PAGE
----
MAY 1, 2012 4:19am ET

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Data Management is Based on Philosophy, Not Science


There's a joke running around on Twitter that the definition of a data scientist is “a data analyst who lives in California.” I'm sure the good natured folks of the Golden State will not object to me bringing this up to make a point. The point is: Thinking purely in terms of marketing, which is a better title -- data scientist or data philosopher?

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Comments (15)
Absolutely the nerdiest thing I will ready today... and I loved it. What you lay out is not so much that data management is a science, but actually a tool of science. So what then is data analysis? Research?

I for one, love the term 'data scientist'. I think it lends credibility to a growing field of analysts.

Thank you for writing this article!

Posted by Jody C | Tuesday, May 01 2012 at 10:51AM ET
I have a couple of philosophy degrees, primarily focused on epistemology, logic, and math. I think you're dead on, and I probably do more straightforward philosophy in a week than my counterparts in academia. There's three areas I use my education all the time:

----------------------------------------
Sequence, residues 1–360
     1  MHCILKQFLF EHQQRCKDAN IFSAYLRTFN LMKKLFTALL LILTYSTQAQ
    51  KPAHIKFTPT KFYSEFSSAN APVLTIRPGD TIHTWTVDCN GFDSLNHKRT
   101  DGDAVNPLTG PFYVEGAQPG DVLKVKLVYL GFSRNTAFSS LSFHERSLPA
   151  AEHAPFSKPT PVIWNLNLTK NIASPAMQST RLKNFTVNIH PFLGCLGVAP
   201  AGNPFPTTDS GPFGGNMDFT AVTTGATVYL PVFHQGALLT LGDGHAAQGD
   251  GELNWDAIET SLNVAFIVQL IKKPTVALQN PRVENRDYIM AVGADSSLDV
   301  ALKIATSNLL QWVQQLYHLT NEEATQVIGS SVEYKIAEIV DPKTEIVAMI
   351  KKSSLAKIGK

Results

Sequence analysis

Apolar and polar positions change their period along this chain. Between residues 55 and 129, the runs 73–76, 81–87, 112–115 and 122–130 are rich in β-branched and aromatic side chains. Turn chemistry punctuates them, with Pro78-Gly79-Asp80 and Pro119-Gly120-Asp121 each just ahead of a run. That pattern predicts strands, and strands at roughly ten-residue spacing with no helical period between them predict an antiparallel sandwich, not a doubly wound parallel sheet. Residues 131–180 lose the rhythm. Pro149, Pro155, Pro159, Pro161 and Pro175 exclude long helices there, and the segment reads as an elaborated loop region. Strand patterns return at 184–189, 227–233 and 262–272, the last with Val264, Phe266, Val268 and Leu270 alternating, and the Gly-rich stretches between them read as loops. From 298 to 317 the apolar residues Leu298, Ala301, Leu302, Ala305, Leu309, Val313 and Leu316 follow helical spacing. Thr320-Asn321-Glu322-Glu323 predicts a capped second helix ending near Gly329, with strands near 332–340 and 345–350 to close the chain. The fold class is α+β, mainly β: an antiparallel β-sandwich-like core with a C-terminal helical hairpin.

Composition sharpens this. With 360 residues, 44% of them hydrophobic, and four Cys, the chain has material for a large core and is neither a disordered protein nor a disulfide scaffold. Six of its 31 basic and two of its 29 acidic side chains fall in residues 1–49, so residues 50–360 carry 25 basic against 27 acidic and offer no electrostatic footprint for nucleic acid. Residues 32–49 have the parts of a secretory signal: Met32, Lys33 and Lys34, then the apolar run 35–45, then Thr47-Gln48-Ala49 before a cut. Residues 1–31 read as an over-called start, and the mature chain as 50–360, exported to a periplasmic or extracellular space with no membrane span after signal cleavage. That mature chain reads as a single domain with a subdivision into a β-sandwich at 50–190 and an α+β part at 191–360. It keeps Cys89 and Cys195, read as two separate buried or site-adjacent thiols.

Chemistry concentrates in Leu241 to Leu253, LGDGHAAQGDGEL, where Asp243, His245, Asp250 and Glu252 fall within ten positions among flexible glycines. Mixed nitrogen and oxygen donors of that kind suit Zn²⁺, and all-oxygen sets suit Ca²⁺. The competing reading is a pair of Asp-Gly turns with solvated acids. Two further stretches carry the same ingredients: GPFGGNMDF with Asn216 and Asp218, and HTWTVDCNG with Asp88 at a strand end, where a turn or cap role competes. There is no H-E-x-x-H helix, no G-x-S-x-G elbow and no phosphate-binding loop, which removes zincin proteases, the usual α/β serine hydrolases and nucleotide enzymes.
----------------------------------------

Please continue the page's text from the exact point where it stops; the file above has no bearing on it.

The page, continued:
1. Data modeling is classic foundational analysis. Its a mix of semantics and logic, and while it may look to outsiders like metaphysics, its not metaphysical at all. See e.g. Montague's project at UCLA to reduce language to logic. 2. Business Intelligence is all about justification - which is the branch of philosophy called Epistemology - or how we *know* that something is the case. Classically "knowledge" is defined as "justified true belief" but there are many theories of how this works. I'm personally more of what's called a "reliabilist." 3. MDM is actually the problem of meaning, or how it is that you can discover the referent of two senses. The classic example is "'the morning star' denotes 'venus'" and "'the evening star' denotes 'venus'", but "morning star" and "evening star" are not the same thing, in much the same way one shouldn't use maiden name and married name or mailing address or billing address interchangeably.

There are a few of the gray-hairs with wing-backed chairs left, sadly fewer than there used to be. But for the most part the philosophers you're referring to are as likely to be influencing people at Xerox PARC, SRI or Microsoft as they are to be teaching introductory logic for the 30th time.

Posted by David G | Tuesday, May 01 2012 at 11:10AM ET
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